Alexia Benkaroun: Always at the Top of Her Game

by Joshua Diokno   

Since her early years, Alexia Benkaroun had known that she had wanted to create art. As cliche as it may sound, it had always been a passion for her, driving her to pursue higher education to suffice the desire. This cliche, to Xeno Creatives’ opinion, turned her into one of the sharpest, most promising young budding artists in the digital discipline. Alexia does not tire from her efforts to stay at the top of her game. And while she is aware of her talents and skills, she knows that she has yet to solidify her place in the industry as she understands that she has a lot to learn and plenty of artists to learn from.

When asked about the common challenges that she encounters regularly in her freelance work, Alexia had this to say:

…for me, it’s to not lose quality work and to always be aware of the evolution of techniques of modeling and sculpting. Things tend to go fast; we can quickly fall behind.

Alexia recognizes the need to keep herself abreast with all the developments of the industry, tirelessly pursuing techniques and methods to better herself.

Let’s get to know Alexia in this short feature and see how artists of her caliber invent themselves.

Xeno Creatives (XC): We understand that with just about any craft, the passion takes precedence. In your case, how did it start becoming a passion? Would we be right in assuming that you consider it a “calling” as a lot of your contemporaries do?

Alexia Benkaroun (AB): Looking back at my childhood, I have always felt the desire to draw, create and dream. It was around 13 years old when I started to wonder about what I really wanted to do. Would I become a saleswoman? A veterinary? A lawyer?

None of them apparently. I knew I wanted to turn my passion into my job. So I studied Visual Communication for 3 years during which I did many internships, and that opened my eyes to the fact it was certainly not a job for me. I wasn’t fully satisfied because I wanted to do 3D art and see my drawings come to life.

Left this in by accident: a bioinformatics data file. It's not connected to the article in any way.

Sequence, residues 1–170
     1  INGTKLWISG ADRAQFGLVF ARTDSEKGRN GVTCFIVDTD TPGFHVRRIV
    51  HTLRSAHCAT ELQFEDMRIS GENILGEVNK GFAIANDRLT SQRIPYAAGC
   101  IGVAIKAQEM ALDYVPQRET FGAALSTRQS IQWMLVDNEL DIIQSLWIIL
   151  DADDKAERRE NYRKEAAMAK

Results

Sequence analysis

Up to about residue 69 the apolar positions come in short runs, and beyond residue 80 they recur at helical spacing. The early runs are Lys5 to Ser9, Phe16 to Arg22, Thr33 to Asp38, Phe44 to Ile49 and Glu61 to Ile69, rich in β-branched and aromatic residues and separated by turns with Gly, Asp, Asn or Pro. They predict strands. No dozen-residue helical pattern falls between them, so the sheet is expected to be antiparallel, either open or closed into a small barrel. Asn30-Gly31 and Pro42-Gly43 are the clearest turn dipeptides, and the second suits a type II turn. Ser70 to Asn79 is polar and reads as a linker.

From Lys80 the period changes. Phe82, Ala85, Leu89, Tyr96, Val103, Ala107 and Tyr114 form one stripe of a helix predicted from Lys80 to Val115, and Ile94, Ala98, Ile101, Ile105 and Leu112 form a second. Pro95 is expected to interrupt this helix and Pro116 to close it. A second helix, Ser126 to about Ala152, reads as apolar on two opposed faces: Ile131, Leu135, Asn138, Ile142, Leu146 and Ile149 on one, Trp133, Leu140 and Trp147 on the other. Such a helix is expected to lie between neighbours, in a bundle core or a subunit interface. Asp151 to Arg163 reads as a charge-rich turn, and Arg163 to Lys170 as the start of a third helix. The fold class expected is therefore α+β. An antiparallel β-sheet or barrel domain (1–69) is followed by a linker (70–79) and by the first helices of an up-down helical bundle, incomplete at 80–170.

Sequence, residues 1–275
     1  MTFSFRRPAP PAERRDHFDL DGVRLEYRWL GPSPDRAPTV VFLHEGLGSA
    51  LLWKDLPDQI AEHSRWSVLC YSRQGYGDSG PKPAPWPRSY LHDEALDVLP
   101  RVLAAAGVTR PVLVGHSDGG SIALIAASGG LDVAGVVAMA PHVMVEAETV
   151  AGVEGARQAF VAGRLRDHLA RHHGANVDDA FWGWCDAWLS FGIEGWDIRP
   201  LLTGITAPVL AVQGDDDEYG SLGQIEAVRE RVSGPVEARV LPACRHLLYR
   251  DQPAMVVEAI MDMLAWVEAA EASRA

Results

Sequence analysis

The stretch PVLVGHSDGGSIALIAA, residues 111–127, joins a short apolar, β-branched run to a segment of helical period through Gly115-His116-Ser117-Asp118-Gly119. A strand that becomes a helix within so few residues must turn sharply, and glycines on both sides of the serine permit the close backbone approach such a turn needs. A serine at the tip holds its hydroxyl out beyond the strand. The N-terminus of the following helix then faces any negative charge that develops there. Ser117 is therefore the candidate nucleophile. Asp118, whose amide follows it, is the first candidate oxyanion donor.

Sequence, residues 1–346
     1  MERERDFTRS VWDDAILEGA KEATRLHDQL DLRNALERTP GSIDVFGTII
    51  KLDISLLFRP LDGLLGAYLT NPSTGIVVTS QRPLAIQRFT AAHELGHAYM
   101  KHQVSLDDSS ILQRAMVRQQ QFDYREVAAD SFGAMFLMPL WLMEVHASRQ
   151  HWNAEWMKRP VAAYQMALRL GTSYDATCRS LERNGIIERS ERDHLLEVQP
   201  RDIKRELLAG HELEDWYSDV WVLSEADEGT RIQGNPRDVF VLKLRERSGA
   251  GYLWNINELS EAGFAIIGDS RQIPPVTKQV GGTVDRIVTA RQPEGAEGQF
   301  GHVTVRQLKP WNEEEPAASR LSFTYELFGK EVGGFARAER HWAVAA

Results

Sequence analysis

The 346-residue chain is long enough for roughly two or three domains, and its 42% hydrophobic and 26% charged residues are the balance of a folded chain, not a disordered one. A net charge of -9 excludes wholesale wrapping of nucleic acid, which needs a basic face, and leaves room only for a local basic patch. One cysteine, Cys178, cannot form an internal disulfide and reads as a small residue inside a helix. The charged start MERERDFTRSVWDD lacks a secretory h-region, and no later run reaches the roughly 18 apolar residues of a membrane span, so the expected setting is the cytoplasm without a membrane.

So it was quite natural that I went to a school that teaches Game Art and VFX.

I have no regrets. My 5 years of intense and sometimes difficult training served me well. I liked it so much that I told myself “that’s what I want to do; that’s the place where I want to be!” And to this day, I thank my family for all the support they have given me.

I have been a freelancer for a year now and I still have this desire to learn more. And yes, despite the path being full of obstacles, I have developed an attachment to this job that I consider a real vocation.

XC: Was there ever an art piece (digital or otherwise) or artist who served as a catalyst for your involvement in the craft? When did you get involved fully in the 3D industry?

AB: Yes! I really love cinema and when I was young, I always had stars in my eyes when I went to my grandparents when they let me choose DVDs of movies that they would let me watch. I rummaged through Star Wars, Harry Potter, Jurassic Park, Matrix, Back to the Future, and so on. I could watch them 2 or 3 times in a row without getting tired of them. Now that I’m all grown up, I still admire all the quality work and time that went into producing these movies provided. They imbued in me this determination and desire to produce more and more projects.

I also really love music. I love listening to Hans Zimmer, John Williams, Steve Jablonsky, and Howard Shore during my work sessions. Music calms me and increases my production rate.

One of the art pieces that drove me to the world of video games is clearly “The Last Of Us” which is, in my opinion, referenced a lot in the game development industry.